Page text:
Even though the overall divorce rate in the United States has been on the decline, the number of seniors getting divorced has risen significantly in recent years, according to the results of a new study.
Researchers at Bowling Green University’s National Center for Family and Marriage Research recently reported that out of every 1,000 married people between the ages of 50 and 64, about 6.9 of them got divorced in 1990. By 2009, that number had increased 12.6. During those same years, the average divorce rate across all marriages decreased from just under 19 to just under 18 per 1,000. The researchers also stated that they expect the level of senior divorces to continue to rise by at least an additional 25%.
The study did not point to any one factor as a likely cause of the increase in divorce rate. However, the baby boomer generation is currently retiring, or reaching retirement age, at the rate of about 10,000 people per day. Previous research has shown that lengthening lifespans, as well as the increased ability for women to be financially independent, has contributed to rises in divorce rates amongst baby boomers.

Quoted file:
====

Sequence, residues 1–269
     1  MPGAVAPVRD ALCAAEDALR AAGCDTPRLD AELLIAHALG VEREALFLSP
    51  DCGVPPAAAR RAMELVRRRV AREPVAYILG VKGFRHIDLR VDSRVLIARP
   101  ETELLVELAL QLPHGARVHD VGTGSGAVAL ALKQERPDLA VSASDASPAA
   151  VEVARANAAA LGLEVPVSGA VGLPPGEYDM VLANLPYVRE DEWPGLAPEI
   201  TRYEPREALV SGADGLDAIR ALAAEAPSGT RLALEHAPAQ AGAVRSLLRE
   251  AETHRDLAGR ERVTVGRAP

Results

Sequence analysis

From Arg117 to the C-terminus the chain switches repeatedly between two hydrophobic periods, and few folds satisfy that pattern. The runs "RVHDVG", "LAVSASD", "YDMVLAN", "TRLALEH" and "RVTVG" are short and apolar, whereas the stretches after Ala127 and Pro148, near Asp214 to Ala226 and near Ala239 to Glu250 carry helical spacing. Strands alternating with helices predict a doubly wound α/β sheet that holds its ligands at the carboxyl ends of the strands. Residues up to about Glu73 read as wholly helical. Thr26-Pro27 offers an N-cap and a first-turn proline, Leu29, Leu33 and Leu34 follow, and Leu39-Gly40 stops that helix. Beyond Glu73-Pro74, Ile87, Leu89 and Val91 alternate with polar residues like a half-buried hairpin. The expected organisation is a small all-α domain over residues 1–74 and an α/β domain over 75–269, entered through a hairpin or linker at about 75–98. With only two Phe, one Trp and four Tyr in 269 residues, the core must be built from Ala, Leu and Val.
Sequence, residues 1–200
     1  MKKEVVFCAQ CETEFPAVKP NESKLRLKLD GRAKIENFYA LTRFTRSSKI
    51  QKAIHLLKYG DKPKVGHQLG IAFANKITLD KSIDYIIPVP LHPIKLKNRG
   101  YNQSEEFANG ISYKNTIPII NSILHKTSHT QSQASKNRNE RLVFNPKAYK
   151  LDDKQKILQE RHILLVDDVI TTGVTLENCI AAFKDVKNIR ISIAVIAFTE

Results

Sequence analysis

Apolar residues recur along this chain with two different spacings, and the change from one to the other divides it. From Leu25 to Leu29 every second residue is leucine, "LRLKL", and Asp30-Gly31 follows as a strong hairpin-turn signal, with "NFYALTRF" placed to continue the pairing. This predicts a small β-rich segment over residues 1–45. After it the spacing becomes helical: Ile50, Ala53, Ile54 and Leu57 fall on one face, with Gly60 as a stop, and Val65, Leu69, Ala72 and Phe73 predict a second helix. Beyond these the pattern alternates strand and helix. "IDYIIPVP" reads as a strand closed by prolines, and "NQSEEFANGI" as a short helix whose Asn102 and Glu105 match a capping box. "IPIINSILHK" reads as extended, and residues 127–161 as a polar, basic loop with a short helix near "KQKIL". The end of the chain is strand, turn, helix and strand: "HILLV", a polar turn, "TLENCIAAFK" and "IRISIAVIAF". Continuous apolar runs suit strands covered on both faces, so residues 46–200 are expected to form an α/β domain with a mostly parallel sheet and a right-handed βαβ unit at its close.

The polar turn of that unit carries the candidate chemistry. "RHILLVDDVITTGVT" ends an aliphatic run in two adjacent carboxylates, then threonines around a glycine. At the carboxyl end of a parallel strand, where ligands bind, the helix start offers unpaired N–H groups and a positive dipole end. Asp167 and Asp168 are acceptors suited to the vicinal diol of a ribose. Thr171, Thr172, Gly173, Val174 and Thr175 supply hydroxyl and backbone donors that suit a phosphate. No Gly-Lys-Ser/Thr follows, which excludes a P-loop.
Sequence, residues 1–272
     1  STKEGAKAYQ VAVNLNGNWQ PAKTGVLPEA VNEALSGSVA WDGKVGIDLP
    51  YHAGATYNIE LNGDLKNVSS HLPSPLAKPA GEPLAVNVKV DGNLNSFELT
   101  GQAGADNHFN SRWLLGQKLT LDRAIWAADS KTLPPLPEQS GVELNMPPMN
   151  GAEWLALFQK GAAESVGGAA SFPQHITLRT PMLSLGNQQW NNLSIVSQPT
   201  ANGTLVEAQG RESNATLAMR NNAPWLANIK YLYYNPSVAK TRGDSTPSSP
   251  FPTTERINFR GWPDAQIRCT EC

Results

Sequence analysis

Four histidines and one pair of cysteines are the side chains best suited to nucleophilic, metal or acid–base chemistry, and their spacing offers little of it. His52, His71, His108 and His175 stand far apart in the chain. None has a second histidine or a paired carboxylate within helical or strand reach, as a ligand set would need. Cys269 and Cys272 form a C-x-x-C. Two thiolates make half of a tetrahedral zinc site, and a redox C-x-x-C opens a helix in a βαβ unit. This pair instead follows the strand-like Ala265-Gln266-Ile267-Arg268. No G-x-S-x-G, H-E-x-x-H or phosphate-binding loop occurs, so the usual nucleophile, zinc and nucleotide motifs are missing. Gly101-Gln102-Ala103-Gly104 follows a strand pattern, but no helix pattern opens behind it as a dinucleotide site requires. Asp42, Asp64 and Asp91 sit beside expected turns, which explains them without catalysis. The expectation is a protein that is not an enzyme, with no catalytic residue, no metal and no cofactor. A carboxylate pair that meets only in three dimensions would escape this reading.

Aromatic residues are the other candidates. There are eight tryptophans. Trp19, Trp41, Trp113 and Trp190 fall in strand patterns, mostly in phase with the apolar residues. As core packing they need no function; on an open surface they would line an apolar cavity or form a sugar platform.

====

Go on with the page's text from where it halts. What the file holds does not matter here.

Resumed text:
For baby boomers who have spent their lives working, the sudden shift into retirement is often a stressful one that can cause a disruption in the marital relationship. This is true for both spouses who have worked their entire lives and who suddenly stop, as well as for spouses who have not been used to spending all day around one another.